Start Date Stop Date Eruption Certainty VEI Evidence Activity Area or Unit
1580 ± 20 years Unknown Confirmed 6 Radiocarbon (uncorrected)
1030 ± 25 years Unknown Confirmed 5 Radiocarbon (uncorrected)

This compilation of synonyms and subsidiary features may not be comprehensive. Features are organized into four major categories: Cones, Craters, Domes, and Thermal Features. Synonyms of features appear indented below the primary name. In some cases additional feature type, elevation, or location details are provided.


Cones

Feature Name Feature Type Elevation Latitude Longitude
Reini Stratovolcano 1694 m 6° 8' 0" S 155° 14' 0" E

Photo Gallery


The beautiful caldera lake of Billy Mitchell provides a dramatic setting for unvegetated Bagana volcano, one of the most active in Papua New Guinea. The Solomon Sea can be seen in the distance to the SW. Two major explosive eruptions from Billy Mitchell, one about 900 and the other about 370 years ago, produced pyroclastic-fall deposits that cover most of the northern half of Bougainville Island and pyroclastic-flow and -surge deposits that extend 25 km to the eastern coast. The younger eruption may have been responsible for formation of the summit caldera.

Photo by Wally Johnson, 1988 (Australia Bureau of Mineral Resources).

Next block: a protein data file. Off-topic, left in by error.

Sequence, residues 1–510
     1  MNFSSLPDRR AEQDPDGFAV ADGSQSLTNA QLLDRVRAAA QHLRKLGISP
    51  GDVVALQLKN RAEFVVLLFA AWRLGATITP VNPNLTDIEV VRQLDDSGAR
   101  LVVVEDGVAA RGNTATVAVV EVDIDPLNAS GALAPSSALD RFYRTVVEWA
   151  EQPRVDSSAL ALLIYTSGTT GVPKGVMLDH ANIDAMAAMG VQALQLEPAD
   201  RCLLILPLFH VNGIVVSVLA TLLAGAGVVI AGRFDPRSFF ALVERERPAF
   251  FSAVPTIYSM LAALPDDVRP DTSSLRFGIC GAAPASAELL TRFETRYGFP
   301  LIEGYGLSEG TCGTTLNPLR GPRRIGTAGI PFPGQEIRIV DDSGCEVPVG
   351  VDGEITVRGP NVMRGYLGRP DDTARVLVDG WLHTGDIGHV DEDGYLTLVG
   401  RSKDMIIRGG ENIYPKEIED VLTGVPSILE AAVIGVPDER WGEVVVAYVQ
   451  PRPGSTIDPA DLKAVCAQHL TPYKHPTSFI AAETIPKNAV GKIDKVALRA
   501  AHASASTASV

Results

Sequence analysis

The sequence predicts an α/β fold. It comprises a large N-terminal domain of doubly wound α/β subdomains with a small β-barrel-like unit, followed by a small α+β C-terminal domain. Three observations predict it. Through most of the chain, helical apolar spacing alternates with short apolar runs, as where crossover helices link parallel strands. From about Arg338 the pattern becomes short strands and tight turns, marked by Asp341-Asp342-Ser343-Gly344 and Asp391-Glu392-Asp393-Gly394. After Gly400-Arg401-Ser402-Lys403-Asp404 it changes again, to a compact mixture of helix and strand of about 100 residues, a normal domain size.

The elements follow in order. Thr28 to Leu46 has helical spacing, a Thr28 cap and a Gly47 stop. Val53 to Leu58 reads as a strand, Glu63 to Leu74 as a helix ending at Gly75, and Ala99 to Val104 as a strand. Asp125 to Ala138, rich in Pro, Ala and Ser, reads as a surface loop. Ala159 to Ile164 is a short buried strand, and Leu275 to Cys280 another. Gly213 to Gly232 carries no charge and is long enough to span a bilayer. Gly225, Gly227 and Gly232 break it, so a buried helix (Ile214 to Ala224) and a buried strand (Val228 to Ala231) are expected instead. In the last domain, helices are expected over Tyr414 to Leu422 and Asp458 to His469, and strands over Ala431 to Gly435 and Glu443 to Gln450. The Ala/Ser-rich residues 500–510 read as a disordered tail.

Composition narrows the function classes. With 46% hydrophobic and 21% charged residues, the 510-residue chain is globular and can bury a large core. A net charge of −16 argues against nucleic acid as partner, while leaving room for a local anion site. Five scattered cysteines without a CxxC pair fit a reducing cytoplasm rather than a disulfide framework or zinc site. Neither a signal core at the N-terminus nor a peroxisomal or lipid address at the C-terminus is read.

Billy Mitchell is a small pyroclastic shield truncated by a small 2-km-wide caldera containing a beautiful caldera lake. It is seen here from the north, with the eroded forested Reini volcano on the center horizon and neighboring Bagana volcano at the upper right. Billy Mitchell has been the source of some of the largest Holocene eruptions of Papua New Guinea. Two major explosive eruptions, one about 900 years ago and the other about 370 years ago, produced pyroclastic-fall deposits that cover most of the northern half of Bougainville Island.

Photo by Wally Johnson, 1989 (Australia Bureau of Mineral Resources).
Much of the left side of this NASA image with north to the upper left is covered by volcanic products from Tore volcano in the Emperor Range on NW Bougainville Island. The Tore massif lies to the left of the light-colored area at the center of the image, Balbi volcano. Two Pleistocene ignimbrites from Tore formed a broad fan that extends the coastline to the west (lower left). The dark-colored caldera lake of Billy Mitchell volcano is at the right, above an ash plume originating from Bagana volcano.

NASA Space Shuttle image ISS001-358-32, 2001 (http://eol.jsc.nasa.gov/).

Smithsonian Sample Collections Database